Seeing the back of Charlesworth

Will you back MC to the end?


  • Total voters
    39
  • Poll closed .

Wombat

Well-Known Member
Let's take a moment to reflect on how poor the reporting is from The Roar.

"Following Mike Charlesworth’s announcement that he will be selling the Central Coast Mariners, it seems their fate is now sealed. The next question is – who could replace them?"

Someone please shut these pork chops down

Queensland muppets.
 

Wombat

Well-Known Member
Dwindling Mariners crowds leaves Central Coast Stadium haemorrhaging
Richard Noone, Central Coast Express Advocate
August 7, 2020 12:00am

Central Coast Council will consider seeking expressions of interest for the management and naming rights for the region’s premier stadium after a new report found the under-utilised asset was losing money and may never `break even’.

It comes after Mariners CEO Shaun Mielekamp emailed councillors with the club’s unsolicited proposal for management rights for 30 years and concept plans to activate the southern side seven days a week with cafes, licensed restaurants, shops and a catering school.
The council is expected to put its own draft Central Coast Stadium Strategy on public exhibition after its meeting on Monday.

Council is expected to put it draft stadium strategy on public exhibition.
Council is

The strategy reveals for the first time how much the iconic venue, with breathtaking views of Brisbane Water, is costing ratepayers.
“Modest returns have been generated from Mariners’ games, driven mostly by recent lower attendances,” the strategy states.

“With around half of all events provided by Central Coast Mariners, the success of the stadium is related to the team’s ability to attract crowds.”

The draft strategy found dwindling crowds at Mariners games has driven “modest returns”. Photo: Tony Feder/Getty Images)


The strategy states “in summary” the challenging financial performance reflects a “relatively common theme for regional venues with a single tenant”.

“The stadium has not been able to achieve `break even’ financial performance since its return to council management in 2014,” the strategy states.
“Currently the stadium represents a net financial cost to council, with annual operating losses between $841,000 to $1.4 million. Ongoing capital expenditure requirements are estimated in excess of $1 million per annum on average.”

Mariners fans show their support. (Photo: Mark Kolbe/Getty Images)


The strategy states the 13 Mariners games in 2017-18 increased gross regional product (GRP) by around $2.1 million, or about $161,538 per game.
However the three NRL games held at the stadium that season delivered increased GRP of about $287,300 per event for a total of about $861,900.
The strategy reveals total attendance at Mariners games fell from 174,310 in 2017-18 to 101,215 in 2018-19, a drop of nearly 42 per cent.
“The stadium is under-utilised with a relatively limited event calendar both in quantity and diversity of events,” the strategy states.

Just three NRL fixtures generated almost half as much gross regional product (GRP) as 13 home games. (Photo: Cameron Spencer/Getty Images)


Just three NRL fixtures generated almost half as much gross regional product (GRP) as 13 home games.

The strategy found the stadium’s food and beverage facilities were limited and it needed a large function centre to host up to 400 people, which could be improved by an onsite commercial kitchen.
It could also use a “BBQ deck” for general admission.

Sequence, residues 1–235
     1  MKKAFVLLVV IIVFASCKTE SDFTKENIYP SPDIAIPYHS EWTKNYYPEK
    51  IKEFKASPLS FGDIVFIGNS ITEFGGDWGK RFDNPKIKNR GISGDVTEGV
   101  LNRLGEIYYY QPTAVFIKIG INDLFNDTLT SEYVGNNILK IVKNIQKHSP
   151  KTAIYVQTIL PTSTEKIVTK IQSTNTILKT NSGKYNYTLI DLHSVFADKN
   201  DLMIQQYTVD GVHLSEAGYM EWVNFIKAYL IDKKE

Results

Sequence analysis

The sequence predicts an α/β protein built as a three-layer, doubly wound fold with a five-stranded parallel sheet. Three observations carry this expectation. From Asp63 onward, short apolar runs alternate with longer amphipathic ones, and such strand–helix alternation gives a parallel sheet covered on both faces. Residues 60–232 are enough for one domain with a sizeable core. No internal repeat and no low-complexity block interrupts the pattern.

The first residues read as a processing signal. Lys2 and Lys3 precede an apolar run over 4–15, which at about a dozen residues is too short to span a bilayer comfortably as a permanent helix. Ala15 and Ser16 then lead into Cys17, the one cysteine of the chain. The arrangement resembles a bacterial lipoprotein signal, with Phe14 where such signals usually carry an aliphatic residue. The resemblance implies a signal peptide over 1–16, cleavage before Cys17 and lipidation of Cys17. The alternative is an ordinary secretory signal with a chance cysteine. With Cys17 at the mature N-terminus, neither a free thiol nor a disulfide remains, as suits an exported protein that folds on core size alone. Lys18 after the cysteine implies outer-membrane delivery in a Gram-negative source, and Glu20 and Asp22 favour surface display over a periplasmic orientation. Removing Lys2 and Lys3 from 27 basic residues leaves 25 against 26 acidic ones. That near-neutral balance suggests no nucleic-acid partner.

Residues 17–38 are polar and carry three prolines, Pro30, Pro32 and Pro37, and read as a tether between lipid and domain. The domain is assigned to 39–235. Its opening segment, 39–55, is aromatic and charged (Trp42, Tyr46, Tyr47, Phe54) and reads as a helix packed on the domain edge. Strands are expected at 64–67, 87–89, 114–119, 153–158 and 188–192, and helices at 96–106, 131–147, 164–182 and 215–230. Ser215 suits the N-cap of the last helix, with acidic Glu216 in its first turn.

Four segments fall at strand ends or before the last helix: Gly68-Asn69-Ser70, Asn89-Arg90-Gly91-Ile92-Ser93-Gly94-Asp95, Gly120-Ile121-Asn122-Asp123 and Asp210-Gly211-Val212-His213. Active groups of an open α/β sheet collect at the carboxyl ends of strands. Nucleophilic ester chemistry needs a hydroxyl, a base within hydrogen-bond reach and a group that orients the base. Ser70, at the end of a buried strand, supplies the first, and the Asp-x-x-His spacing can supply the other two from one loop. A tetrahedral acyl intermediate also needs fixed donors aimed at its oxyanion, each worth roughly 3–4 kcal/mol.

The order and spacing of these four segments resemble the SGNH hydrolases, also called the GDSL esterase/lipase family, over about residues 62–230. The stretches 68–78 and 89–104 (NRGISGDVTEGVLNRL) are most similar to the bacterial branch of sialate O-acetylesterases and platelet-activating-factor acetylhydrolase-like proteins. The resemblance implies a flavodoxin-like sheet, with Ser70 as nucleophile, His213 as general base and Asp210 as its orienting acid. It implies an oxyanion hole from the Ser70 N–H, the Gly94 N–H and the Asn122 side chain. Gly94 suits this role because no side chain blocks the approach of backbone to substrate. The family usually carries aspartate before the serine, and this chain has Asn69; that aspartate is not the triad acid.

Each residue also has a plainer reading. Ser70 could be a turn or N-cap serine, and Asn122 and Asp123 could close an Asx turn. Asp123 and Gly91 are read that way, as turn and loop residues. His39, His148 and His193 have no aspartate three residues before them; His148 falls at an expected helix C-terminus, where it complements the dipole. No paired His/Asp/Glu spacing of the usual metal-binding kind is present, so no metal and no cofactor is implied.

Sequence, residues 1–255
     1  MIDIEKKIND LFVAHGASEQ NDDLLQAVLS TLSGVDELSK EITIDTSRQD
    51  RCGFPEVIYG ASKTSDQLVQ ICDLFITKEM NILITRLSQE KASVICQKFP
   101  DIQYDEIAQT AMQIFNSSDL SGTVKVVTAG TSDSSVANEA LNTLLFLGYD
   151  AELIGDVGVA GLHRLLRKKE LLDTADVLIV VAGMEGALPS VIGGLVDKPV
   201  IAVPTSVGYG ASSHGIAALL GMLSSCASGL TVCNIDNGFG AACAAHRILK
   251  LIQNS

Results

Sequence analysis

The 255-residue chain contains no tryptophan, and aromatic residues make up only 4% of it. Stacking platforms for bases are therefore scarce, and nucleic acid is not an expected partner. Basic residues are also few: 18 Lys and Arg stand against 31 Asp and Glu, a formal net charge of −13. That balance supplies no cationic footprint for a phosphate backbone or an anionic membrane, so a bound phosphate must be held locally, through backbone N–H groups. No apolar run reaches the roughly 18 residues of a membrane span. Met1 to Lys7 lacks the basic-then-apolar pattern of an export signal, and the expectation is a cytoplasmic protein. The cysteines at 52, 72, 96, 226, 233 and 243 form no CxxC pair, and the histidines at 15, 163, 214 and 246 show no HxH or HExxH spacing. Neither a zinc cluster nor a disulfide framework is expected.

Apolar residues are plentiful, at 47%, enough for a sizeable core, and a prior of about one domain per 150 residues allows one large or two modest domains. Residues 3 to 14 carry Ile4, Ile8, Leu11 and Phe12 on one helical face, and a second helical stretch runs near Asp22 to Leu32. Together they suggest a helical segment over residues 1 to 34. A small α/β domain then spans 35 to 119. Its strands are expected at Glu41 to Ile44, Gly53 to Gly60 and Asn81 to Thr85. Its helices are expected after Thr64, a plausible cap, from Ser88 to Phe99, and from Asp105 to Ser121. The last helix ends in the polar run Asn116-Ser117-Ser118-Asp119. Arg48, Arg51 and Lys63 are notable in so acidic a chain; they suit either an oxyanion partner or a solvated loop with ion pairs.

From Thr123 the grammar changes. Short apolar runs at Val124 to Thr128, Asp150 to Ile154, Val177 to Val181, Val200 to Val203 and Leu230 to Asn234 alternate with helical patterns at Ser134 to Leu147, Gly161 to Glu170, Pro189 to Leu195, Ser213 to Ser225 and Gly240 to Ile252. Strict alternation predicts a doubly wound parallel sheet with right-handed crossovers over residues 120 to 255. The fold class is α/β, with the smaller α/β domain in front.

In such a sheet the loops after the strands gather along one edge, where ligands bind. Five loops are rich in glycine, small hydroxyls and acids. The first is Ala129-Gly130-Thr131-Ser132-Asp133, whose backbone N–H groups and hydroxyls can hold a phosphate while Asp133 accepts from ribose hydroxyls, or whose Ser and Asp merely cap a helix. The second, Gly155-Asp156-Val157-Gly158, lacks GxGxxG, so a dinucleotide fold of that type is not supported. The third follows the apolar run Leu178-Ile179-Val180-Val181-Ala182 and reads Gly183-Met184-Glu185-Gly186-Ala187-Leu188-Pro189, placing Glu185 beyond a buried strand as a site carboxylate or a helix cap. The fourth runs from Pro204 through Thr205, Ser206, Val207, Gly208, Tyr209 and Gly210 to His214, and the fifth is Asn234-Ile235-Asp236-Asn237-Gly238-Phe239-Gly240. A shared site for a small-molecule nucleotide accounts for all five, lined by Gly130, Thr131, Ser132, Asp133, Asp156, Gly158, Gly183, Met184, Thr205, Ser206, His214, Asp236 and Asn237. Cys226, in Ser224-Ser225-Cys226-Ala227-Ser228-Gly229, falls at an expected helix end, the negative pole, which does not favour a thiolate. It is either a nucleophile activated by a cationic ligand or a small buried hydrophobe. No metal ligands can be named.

The strategy found it needed to replace the existing static signage with LED signage, provide Wi-Fi or mobile apps for event days, video walls, electronic menu boards and a merchandise shop.
The plan also calls for council to develop complimentary opportunities such as hotels, gyms, pools, retail and training facilities to “further activate the stadium precinct and generate economic returns”.

The strategy wants council to attract more diverse events such as the Nitro Circus.


A report to councillors about the strategy document states: “The stadium is reliant on a single tenant hirer and finds it difficult to compete as a stand-alone venue in attracting content to the Central Coast”.
The strategy outlines several priorities for the stadium including expanding the event calendar, activating the precinct on both event and non-event days and increase revenues.
“The strategic elements, once implemented, will improve the financial impact of the stadium to council by improving revenue streams, reducing operational costs and mitigating risk,” the report to council states.
“However, it is unlikely that the stadium will ever be a profit generating asset for council. This is common across Tier 2 venues in NSW and stadiums generally.”
The strategy also calls for council to establish a defined budget so the stadium can attract more high profile events such as NRL games
Opened in 2000, the strategy reveals council was going to host 20-year anniversary activities but this has been placed on ice because of COVID-19 and instead plans to hold 21st birthday celebrations next year.
Wow. These morons get paid how much?
 

style_cafe

Well-Known Member
. well it seems that the Council didn't just through the Mariners proposal in the bin ... they used it to create a 'Stadium Strategy' ... how innovative

. despite all that, the most frustrating thing is comparing GRP (whatever that is and however it is calculated) for two different types of events ... it shows the level of thinking - it is like comparing the weekly rent for holiday letting vs. the weekly rent on long term leases

. they may as well have said Lionel Richie generated lots or income for the region so our new strategy is to have Lionel perform every night ... we'll make a fortune!
Book Lionel in for a residency... good thinking BG...:popcorn: